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Silappadhikaram - A Visual Treat

Ranjani Saigal
11/29/2004

Silappadhikaaram (authority of the anklets) is considered by many scholars of Indian literature and history to be the gem of the literature of the Sangam era. It is one of the five major tamil epics which are clubbed together as the “Ayimperumkappiyum”.

Cleveland Cultural Alliance under the direction of G. Narendra produced a spectacular dance drama based on this epic. The lyrics for the production were penned by Kanimozhi Karunanidhi and set to music by Bombay Jayashri Ramnath.

The presentation in the Boston area was held on Nov. 21 at the Sorenson Arts Center at Babson College. The presentation was sponsored by the Academy of Indian Performing Arts which is the brainchild of local Bharatanatyam dancer Jothi Raghavan.

The drama tells the story of two women in love with the hero - Kovalan. His wife, Kannagi, remains steadfast and loyal despite her husband's lengthy affair with Madhavi, a beautiful and sophisticated courtesan.

During the grand Indra Vizha a famous festival when the streets are filled with dance, music and gaiety that draw Madhavi attention Kovalan wrongly suspects her of  infidelity. He leaves her and returns to his wife. When Kovalan  returns home, penniless, his wife gives him her precious ankle bracelet to sell. Accused of stealing the anklet from the queen, he immediately is executed. Kannagi, enraged, confronts the royal couple, proves her husband's innocence and burns down the ancient city of Madurai.

The drama opened with a “Kuravas (gypsies)” dance in front of a Kannagi temple where through dance and music the Kuravas tell the story of Kannagi to a passer-by.  The drama then moved to Puhar in Chozha Nadu home to Kannagi and Kovalan. The drama brilliantly established the place with dances that described the greatness of Chozha Nadu. A sensitive portrayal of the marriage of Kannagi (Mahalakshmi)and Kovalan (Shijith Kumar)  followed. It clearly established the youth and innocence of the two major characters of the play.

The play then moved to the Arangetram hall where Madhavi is introduced. The depiction of the Arangetram was beautiful. Including the names of the advaus “Thatti Mettu, Nattu, Kuthu” etc in the sollukattu gave a unique touch to the presentation.  Kovalan is mesmerized by Madhavi (Krishankshi Sharma) and leaves his wife for this elegant courtesan. 

The next scene – The Indra Vizha was the piece-de-resistance of the whole show. The festival theme offered ample scope for the showcasing of various dance forms. Peacock Dance, Tiger Dance and other forms of folk dances were presented. Kudos to the composer for seamlessly blending classical and folk tunes in a manner that was very pleasing to the ear. Madhavi plays a prominent role in festivities which depresses Kovalan. He leaves Madhavi and returns to Kannagi who accepts him without reproach. The play the moves to Pandya Nadu and the Marketplace scene beautifully established a city atmosphere. The meeting of Kovalan with the jeweler and the wrongful accusation and killing of Kovalan followed. The play ends in a grand finale with the burning of Madurai.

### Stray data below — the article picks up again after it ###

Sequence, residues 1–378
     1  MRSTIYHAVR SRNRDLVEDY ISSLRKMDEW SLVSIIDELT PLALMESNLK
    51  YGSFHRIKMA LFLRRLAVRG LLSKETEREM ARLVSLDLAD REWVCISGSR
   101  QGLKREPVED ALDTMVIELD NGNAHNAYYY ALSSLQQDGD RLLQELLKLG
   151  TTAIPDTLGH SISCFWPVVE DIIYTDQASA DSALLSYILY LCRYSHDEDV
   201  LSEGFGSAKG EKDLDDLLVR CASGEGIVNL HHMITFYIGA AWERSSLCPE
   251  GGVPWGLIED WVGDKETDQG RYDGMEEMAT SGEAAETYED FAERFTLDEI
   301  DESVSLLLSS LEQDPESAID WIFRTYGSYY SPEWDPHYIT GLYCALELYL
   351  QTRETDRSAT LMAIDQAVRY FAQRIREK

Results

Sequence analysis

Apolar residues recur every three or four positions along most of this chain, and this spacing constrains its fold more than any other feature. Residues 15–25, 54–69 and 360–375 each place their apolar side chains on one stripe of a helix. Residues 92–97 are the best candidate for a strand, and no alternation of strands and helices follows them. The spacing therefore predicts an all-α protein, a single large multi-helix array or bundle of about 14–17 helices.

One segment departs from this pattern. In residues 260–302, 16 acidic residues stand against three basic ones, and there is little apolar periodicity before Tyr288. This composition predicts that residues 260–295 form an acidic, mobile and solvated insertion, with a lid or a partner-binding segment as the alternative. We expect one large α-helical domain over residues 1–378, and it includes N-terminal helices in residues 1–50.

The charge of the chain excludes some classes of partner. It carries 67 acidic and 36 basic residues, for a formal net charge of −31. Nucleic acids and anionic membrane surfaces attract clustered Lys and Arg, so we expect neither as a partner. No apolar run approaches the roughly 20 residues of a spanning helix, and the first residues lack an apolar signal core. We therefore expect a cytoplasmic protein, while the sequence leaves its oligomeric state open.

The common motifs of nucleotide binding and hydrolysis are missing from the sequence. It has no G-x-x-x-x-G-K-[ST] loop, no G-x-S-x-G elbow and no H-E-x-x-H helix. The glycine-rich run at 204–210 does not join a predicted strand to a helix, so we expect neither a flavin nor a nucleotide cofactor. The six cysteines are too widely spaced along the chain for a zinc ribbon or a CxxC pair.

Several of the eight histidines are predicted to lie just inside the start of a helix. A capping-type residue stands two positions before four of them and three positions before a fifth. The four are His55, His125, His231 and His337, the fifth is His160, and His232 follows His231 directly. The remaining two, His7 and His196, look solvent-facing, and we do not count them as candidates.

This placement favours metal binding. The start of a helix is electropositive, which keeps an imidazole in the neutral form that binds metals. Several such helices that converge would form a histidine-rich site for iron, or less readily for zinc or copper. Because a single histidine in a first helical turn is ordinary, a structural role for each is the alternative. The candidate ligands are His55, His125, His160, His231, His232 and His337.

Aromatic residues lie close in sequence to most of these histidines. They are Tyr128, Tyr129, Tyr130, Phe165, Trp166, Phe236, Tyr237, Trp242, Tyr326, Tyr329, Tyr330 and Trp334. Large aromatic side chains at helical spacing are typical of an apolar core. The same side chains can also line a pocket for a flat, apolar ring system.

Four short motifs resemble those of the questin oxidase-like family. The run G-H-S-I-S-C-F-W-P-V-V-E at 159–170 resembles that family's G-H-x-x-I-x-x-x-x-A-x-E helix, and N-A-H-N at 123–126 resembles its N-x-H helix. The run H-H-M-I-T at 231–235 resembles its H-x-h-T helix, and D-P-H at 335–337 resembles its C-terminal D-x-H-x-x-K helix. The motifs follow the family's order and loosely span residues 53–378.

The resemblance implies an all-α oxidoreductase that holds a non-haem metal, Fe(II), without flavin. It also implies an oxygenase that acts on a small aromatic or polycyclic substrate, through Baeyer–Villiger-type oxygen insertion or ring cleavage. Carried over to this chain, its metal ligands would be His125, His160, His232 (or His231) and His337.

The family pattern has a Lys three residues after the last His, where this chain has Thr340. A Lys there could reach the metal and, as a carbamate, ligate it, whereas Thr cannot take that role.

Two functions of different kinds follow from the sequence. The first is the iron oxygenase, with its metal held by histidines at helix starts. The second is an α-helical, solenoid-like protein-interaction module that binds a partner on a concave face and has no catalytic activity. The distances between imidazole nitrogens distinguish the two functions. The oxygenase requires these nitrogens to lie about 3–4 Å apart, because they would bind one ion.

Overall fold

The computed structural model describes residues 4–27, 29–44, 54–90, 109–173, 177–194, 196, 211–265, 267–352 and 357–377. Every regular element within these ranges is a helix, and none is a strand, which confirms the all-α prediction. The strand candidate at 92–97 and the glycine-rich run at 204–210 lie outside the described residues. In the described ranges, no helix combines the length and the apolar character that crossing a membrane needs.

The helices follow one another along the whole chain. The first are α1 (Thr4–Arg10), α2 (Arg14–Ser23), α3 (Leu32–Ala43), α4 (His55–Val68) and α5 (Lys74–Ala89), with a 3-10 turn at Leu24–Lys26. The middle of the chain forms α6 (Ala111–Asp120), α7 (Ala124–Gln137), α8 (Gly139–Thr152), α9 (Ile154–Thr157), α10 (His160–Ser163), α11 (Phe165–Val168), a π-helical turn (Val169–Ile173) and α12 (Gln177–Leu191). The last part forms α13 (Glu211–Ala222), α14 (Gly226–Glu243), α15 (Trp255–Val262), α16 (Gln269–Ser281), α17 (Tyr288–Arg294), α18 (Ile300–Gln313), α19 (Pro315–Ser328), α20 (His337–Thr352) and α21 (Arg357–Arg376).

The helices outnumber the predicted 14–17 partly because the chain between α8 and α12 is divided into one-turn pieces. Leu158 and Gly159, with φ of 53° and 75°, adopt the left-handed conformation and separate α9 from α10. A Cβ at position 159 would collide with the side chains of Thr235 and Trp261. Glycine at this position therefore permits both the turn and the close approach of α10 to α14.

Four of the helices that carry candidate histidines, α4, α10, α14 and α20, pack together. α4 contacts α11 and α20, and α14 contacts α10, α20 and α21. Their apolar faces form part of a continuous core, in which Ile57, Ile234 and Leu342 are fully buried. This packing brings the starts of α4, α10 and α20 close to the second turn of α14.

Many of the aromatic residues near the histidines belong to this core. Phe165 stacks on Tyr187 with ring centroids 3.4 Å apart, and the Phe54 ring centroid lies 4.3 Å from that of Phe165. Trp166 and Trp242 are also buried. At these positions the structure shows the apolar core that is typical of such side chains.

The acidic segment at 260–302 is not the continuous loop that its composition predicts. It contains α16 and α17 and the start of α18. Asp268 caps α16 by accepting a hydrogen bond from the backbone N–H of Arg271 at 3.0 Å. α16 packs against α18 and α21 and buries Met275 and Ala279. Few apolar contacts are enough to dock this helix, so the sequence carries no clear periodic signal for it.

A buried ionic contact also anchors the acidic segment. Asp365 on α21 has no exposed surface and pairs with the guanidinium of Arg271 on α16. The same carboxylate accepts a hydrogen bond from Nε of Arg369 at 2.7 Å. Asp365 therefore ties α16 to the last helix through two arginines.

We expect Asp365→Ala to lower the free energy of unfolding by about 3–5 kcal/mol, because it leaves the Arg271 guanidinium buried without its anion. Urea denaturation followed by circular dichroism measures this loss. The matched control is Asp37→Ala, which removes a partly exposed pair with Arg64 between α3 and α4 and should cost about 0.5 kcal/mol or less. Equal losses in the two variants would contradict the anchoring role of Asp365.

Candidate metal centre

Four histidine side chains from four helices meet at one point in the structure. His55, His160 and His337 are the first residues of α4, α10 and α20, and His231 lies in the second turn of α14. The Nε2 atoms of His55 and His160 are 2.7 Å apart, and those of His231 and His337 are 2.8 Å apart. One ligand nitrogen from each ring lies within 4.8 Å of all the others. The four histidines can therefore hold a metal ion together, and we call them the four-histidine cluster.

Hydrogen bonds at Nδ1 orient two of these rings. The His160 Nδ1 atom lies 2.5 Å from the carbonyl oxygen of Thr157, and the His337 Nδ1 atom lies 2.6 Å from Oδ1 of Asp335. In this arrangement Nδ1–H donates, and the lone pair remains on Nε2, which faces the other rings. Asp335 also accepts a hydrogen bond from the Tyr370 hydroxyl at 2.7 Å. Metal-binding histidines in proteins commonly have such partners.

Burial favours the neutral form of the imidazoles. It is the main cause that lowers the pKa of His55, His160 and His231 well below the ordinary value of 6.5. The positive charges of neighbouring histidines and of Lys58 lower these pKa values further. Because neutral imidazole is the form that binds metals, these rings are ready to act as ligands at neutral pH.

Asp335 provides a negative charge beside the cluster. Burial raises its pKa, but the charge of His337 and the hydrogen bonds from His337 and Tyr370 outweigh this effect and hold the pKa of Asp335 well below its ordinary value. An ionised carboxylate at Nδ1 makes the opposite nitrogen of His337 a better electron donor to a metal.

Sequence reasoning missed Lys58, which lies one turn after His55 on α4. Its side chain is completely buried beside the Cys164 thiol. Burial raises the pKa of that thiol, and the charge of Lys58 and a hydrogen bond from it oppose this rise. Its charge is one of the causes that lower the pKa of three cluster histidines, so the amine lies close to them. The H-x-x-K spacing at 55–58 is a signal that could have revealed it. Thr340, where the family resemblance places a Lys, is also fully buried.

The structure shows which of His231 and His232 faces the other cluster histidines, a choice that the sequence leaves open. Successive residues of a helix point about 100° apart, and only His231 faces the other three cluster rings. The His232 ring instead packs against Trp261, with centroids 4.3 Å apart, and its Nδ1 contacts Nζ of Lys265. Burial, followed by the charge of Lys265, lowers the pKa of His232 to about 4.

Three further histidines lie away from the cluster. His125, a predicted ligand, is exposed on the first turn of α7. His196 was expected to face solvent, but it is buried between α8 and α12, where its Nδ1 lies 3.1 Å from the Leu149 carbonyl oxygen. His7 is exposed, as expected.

The play was very creatively choreographed by G.Narendra and brilliantly executed by the very talented dancers.  The costumes were aesthetically done as were the props and the lighting. The only negative aspect was that the focus of the presentation was more on the Indra Vizha and other scenes that describe the land rather than on Kannagi and Madhavi. While it was billed as “A story of Women of Substance” the character, particularly of Madhavi was not well developed. The male dancers overshadowed the presentation. The female dancers were excellent artists and given the right opportunity could have delivered better characterizations. This criticism not withstanding the production was certainly a visual treat for the Boston audience who went home quite satisfied after witnessing a stellar dance performance.

 



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